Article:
A digital rendering of the planned Circularix facility | Courtesy of Circularix

The former head of bankrupt reclaimer CarbonLite is launching another company, betting that virgin and RPET pricing will continue to de-couple as brands search for recycled plastic.

Leon Farahnik’s management company, HPC Industries, recently teamed up with global financial services firm Macquarie Group to launch a PET recycling joint venture called Circularix, which has plans to open its first plant late this year in Pennsylvania. 

Farahnik was formerly CEO of CarbonLite, which was the largest PET reclaimer in the country before it filed for bankruptcy and closed in early 2021. 

In an interview with Plastics Recycling Update, Farahnik described what he sees as a marketplace that has been rapidly evolving. He also explained how Circularix will fill a slightly different role in the supply chain than CarbonLite did. 

“There has been a total disconnect between virgin and post-consumer [prices],” he said. “So no longer is the pressure there to compete with virgin material.” 

Aggressive growth plans

Macquarie Group is an Australia-headquartered financial services firm, and it is providing both equity and debt financing for Circularix through its Commodities and Global Markets Group, Farahnik said. Macquarie is also providing foreign exchange hedging and other risk-management services. 

Farahnik is chairman and CEO of Circularix. Serving as president and chief operating officer is Alex Delnik, who was previously CEO and founder of PET recycling company Verdeco Recycling. After Verdeco sold, Delnik assumed the role of chief operating officer for CarbonLite.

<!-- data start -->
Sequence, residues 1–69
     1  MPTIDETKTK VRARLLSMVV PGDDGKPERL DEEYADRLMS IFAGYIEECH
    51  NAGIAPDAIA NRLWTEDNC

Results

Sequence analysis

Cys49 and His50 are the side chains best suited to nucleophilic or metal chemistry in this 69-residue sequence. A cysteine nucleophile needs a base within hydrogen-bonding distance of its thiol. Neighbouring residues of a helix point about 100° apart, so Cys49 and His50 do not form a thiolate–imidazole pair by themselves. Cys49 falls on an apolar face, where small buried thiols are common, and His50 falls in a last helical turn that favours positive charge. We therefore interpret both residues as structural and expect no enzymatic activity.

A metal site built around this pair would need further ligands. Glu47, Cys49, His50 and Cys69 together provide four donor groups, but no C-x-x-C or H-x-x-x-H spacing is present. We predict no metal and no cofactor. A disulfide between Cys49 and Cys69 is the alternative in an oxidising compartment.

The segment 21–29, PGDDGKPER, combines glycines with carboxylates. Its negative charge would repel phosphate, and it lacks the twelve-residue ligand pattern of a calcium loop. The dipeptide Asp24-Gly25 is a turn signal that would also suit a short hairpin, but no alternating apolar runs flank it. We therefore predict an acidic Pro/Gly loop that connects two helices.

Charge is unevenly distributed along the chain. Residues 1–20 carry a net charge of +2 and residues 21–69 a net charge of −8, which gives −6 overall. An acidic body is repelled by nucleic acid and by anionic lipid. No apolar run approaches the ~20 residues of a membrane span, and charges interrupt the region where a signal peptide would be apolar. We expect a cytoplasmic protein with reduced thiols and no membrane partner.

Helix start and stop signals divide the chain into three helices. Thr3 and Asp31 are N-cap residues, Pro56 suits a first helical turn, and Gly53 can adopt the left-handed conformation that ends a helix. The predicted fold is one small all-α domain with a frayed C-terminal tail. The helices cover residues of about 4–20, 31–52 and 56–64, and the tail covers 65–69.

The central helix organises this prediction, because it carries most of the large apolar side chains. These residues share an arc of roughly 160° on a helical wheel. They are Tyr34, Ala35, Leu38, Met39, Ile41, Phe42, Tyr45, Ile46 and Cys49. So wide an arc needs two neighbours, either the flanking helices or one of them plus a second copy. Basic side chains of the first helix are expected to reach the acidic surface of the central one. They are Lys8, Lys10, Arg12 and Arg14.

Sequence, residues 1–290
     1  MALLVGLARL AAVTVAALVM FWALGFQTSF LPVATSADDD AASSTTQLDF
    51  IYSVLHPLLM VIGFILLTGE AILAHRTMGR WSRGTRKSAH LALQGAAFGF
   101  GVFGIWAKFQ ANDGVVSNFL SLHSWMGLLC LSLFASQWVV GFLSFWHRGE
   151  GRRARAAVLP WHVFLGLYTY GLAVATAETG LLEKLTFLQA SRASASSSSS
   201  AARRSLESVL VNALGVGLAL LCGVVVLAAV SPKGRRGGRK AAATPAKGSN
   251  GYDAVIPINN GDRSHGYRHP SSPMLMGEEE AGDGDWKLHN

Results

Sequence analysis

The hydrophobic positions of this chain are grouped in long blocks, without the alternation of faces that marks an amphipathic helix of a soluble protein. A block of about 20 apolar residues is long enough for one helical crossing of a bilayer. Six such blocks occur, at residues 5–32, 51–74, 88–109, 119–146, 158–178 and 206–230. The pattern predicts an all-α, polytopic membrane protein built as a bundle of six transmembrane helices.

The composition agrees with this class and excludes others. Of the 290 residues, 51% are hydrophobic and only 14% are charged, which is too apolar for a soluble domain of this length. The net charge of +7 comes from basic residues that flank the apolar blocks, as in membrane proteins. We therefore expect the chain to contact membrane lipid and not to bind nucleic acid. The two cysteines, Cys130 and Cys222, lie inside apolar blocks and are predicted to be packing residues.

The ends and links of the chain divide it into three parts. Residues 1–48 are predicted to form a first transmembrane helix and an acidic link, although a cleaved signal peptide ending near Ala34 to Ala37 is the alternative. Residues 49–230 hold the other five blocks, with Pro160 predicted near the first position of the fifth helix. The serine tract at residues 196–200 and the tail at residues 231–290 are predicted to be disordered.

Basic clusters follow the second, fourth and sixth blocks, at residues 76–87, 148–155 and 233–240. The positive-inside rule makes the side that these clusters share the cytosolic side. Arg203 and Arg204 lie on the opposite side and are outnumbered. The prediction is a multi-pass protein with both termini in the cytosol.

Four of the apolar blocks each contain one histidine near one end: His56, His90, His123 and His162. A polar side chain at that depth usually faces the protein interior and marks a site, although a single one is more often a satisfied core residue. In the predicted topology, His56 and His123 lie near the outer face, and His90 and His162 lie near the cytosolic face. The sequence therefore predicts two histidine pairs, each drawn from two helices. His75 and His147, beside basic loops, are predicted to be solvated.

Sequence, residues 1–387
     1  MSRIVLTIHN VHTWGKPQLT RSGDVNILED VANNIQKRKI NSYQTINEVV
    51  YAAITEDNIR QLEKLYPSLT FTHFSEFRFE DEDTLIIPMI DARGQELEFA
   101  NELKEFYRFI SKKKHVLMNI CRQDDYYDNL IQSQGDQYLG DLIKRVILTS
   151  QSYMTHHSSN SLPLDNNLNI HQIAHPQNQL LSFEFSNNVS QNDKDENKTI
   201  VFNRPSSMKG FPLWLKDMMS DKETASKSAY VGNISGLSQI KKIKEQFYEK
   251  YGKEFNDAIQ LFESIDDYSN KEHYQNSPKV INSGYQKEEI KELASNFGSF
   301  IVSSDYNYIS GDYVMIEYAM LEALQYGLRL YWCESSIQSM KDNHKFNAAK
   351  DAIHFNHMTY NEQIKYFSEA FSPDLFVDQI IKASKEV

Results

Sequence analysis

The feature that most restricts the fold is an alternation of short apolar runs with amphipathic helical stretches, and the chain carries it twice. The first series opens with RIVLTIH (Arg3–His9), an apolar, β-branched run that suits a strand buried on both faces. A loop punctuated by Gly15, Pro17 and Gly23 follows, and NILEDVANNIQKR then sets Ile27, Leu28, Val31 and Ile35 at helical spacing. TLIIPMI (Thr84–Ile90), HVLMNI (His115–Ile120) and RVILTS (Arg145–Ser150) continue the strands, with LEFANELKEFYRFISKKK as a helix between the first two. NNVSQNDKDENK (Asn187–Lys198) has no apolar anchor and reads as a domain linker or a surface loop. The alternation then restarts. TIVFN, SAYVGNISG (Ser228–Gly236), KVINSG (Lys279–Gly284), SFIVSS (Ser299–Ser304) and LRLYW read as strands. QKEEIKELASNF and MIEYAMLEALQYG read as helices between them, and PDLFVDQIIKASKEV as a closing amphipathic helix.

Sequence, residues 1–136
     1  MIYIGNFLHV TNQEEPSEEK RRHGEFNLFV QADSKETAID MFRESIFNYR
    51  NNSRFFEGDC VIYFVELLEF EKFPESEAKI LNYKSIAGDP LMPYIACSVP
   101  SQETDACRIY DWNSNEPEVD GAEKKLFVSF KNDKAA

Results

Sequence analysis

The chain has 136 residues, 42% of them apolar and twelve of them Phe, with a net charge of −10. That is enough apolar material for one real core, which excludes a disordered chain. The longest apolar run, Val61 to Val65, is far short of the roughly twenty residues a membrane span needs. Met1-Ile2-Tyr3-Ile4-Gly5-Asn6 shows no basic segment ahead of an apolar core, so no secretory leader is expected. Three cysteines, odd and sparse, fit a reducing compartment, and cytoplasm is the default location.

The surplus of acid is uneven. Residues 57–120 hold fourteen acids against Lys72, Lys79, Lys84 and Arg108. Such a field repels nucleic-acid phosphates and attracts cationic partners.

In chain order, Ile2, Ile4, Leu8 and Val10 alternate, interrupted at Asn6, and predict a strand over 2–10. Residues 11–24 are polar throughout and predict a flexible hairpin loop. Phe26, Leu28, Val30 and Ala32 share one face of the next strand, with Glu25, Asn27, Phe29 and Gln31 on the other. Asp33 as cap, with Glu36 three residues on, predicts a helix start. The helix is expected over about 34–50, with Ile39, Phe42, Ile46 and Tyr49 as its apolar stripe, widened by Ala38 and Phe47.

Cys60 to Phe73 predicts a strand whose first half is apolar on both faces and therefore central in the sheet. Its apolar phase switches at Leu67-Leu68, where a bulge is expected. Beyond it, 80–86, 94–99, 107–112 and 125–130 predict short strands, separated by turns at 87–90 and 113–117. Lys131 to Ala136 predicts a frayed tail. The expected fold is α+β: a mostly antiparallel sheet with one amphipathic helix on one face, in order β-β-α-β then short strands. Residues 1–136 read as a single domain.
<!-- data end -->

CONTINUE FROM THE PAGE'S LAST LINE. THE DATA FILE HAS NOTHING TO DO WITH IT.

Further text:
Circularix is looking to open its first plant, in Hatfield, Pa., by December 2022. After that, it aims to open four other facilities, according to Farahnik, with sites planned in Arizona, Florida, Texas and the Pacific Northwest.

Farahnik declined to divulge the estimated cost of each of the company’s plants.

Circularix is targeting a total production capacity across the five facilities of 275 million pounds of RPET pellets per year, according to a press release

The joint venture comes a little over a year after CarbonLite filed for Chapter 11 bankruptcy, hoping to reorganize and continue operating. When that failed, a court approved the auction sales of its three PET recycling plants. 

The Sterling Group, an investment firm that owns PET recycling company Evergreen, bought the Riverside, Calif. plant. Indorama Ventures, the largest PET producer in the world, bought the plant in Dallas, Texas, and DAK Americas, the plastics production arm of Mexican chemical company Alpek, bought the Reading, Pa. plant. 

Another CarbonLite company, recycled-content PET thermoform producer Pinnpack, was purchased by a former Pinnpack leader and CarbonLite board member.

Following the auctions, an official committee of unsecured creditors sought to investigate Farahnik and other former executives by asking the court to compel them to turn over documents and submit to oral interviews. The committee alleged financial mismanagement and conflicted decision-making, allegations that Farahnik disputed. In September 2021, the judge put the committee’s motion for an investigation on hold. 

In the recent interview, Farahnik said he wouldn’t comment on any legal matters.

Plastics Recycling Update received no response to multiple emails sent to attorneys that represented the committee seeking information about the status of any investigation.

A different niche, different market conditions

In looking to build up his new company, Farahnik said, he met with a number of venture capital groups and banks. That included Macquarie, which is already an investor in a number of U.S. recycling companies, including California recycling companies GreenWaste and Zanker Recycling, Illinois-based waste and recycling company LRS, and others.